A few years ago, Airbnb claimed that three quarters of its Barcelona hosts have incomes below the national average. If true, it’s a trend that is rapidly changing as the allure of fast, easy money attracts more professional operators. A recent study by Penn State University identified the rise of the “mega-operator” – people who rent out three or more Airbnb units. The report found that “a growing number of hosts were using the Airbnb platform to operate an unregulated, full-time business. Nearly 30% of Airbnb revenue is derived from this group of full-time hosts. They are becoming bigger and more prominent.”

If the recent experience of Barcelona is any indication, it’s not just professionals who are moving into the sector; so, too, are professional criminals, who are determined to take advantage of the irresistible money-making machine without having to actually buy the property. By Don Quijones.

This is how desperate the Italian Banking Crisis has become. Read…  Contagion from the Two Friday-Night Bank Collapses in Italy?

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  52 comments for “Airbnb Just Made Itself Even More Unpopular in Barcelona

  1. TJ Martin says:

    ……. and this surprises anyone ?

    Virtual Enterprises with little or no regulations such as AirBnB , Uber , Lyfte etc are ripe for abuse , corruption and illicit activities .. all while creating havoc for legitimate condo/homeowners taxi drivers etc . e.g. One more piece of the virtual economy gone stark raving mad to the detriment of everyone except the ‘ investors ‘ themselves .

    Brilliant !

    • nick kelly says:

      Uber is a natural response to the completely artificial shortage of taxi ‘medallions’, which means it costs over a hundred thousand dollars for the right to operate a single taxi.
      The medallion owner rarely drives a cab.

      The resulting over- priced fares are a tax on the poor, the ‘rent’ flowing to the medallion owner.
      In London so called ‘gypsy cabs’ have operated for decades, Uber is just organizing the business by taking it online.

      Removing this insane barrier to entering the taxi business, but with criminal record check etc. would be the best antidote to Uber.

    • Marty says:

      Because, of course everyone knows that there’s no abuse, corruption and illicit activity in govt controlled areas of the economy.

      If you want to find the real cause of the growth of virtual enterprises, look no further than the central banks that produce inflation and practice outrageous cronyism. The economic effects of central banking are horrendous, and the moral effects are even worse. And that’s without including in the discussion repressive local zoning, licensing and labor laws.

      We live in a world of rampant fraud and corruption. To think that some how more govt control with it’s concomitant abuse, corruption and illicit activity is the answer reveals enormous cognitive dissonance.

      • Randolf says:

        “We live in a world of rampant fraud and corruption.”
        I believe that out corrupt government has inspired blatant corruption in the private sector.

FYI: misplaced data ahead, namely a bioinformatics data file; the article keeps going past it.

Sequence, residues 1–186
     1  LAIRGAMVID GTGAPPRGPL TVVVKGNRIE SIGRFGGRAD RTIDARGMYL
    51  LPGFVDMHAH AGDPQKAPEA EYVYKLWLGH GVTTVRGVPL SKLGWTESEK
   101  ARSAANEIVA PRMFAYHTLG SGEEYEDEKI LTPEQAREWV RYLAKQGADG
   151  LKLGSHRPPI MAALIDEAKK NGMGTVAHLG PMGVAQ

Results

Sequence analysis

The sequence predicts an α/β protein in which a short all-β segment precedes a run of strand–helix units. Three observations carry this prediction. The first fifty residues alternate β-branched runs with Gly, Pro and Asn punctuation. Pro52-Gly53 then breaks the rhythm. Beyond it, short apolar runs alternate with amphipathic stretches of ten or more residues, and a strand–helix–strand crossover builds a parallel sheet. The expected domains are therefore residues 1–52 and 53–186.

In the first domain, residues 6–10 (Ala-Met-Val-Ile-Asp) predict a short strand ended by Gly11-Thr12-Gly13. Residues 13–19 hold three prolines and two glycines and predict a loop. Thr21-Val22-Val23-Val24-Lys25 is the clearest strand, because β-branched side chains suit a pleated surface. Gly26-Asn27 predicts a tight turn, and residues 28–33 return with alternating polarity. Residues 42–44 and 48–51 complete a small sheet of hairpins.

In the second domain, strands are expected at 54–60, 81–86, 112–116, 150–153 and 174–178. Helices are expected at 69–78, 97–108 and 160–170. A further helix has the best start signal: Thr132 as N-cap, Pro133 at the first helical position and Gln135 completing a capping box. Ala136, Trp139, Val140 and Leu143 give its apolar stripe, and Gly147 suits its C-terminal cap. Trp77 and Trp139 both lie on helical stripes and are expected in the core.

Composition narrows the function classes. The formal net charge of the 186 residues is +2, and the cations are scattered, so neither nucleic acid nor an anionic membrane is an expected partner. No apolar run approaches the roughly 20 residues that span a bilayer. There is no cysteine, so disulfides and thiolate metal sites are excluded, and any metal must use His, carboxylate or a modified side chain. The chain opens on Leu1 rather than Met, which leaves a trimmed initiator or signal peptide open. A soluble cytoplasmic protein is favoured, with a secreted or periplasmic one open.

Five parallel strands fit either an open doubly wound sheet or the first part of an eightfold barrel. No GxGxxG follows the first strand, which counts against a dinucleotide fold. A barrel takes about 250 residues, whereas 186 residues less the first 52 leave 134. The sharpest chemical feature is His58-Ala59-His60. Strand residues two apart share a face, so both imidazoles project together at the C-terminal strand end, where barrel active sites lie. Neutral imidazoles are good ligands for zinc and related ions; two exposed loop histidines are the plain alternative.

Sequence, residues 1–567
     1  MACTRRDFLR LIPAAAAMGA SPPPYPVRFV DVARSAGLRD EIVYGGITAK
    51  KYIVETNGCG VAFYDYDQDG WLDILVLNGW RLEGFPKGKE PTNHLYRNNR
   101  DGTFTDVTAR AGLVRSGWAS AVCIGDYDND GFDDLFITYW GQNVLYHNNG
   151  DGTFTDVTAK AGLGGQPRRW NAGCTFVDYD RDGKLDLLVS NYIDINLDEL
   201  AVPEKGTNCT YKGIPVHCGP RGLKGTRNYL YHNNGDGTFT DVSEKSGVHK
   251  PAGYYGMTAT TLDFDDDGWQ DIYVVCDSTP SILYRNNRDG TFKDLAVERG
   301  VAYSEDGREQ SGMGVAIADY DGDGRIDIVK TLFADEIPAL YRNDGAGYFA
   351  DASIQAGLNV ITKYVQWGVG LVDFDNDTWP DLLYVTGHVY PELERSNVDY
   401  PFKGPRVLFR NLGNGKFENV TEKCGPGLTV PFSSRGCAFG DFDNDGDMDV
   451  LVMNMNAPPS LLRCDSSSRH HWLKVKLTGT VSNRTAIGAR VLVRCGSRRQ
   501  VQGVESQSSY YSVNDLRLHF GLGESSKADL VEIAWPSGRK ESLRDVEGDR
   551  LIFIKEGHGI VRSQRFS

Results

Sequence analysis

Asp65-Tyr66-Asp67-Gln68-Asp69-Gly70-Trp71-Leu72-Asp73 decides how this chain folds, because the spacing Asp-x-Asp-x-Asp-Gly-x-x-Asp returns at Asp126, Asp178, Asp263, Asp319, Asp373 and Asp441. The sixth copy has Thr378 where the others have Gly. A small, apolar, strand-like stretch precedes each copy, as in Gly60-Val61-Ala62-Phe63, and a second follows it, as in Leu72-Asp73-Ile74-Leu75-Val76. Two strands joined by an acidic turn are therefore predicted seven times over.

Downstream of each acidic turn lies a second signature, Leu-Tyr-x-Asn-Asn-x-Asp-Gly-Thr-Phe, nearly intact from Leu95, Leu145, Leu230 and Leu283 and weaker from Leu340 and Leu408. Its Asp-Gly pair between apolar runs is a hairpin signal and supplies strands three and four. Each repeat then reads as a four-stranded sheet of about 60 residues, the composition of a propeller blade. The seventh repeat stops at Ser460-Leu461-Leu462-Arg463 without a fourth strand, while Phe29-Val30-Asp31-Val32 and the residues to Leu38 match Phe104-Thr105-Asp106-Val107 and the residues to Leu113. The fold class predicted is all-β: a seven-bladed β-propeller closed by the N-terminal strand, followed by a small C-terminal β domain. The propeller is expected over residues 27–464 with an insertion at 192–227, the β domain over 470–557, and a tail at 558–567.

• walter map says:

      “. . . ripe for abuse , corruption and illicit activities . . .”

      And hence a hit on Wall St. Crooks go in for that sort of thing.

  2. nick kelly says:

    Just wondering: the survey says tourism is more a problem than unemployment.
    If tourism was halted or reduced by 50 %, what are the chances that unemployment would replace it as concern one.
    Venice has this problem probably more than Barcelona, but that’s what it does for a living.

    • Mary says:

      Most Americans live in suburban communities that, however pleasant, are basically interchangeable. It’s hard for us to understand the fierce pride and possessiveness of people who live in a place so unique, so full of character and visible history as Barcelona. I admire their spirit in pushing back against the omnivorous money machine of big business tourism.

    • Hiho says:

      I was expecting this comment.

      I am from Barcelona and from my point of view it would be positive to reduce tourism even if that meant to lose some jobs. Here is why:

      1) low paid, precarious jobs.

      2)Soaring rents do not allow local people to live anymore in the city. So any positive economic impact to working residents is more than offset.

      3) Tourism crowds out other economic activities which are more valuable, sustainable and respectable. And which by the way could create better jobs.

      4) massive cheap tourism does no good, We should learn from the french. By focusing on improving quality and attracting and reducing quantity, revenues could even go up.

      5) dignity: I do not want to work as a servant for our wealthier northen neightbours. To make matters worse some of them come to drink, vandalize the city, and shit and pee on the streets. There are some places in barceloneta (beach) where you cannot even breath because drunken kids have urinated like no tomorrow.

      I am 27 years old, engineer, I have a qualified, stable and well paid job (by spanish standards) and when I tried to find a flat in Barcelona I realized that there was no way on earth I could ever pay the rent. So I was expelled from my own city, where I had always lived. In the end I had to move 50 km away from Barcelona.

      I just hope that this damn plague called tourism never reaches where I live now. For all I care: f*ck tourism. At least as long as we have this unsustainable model.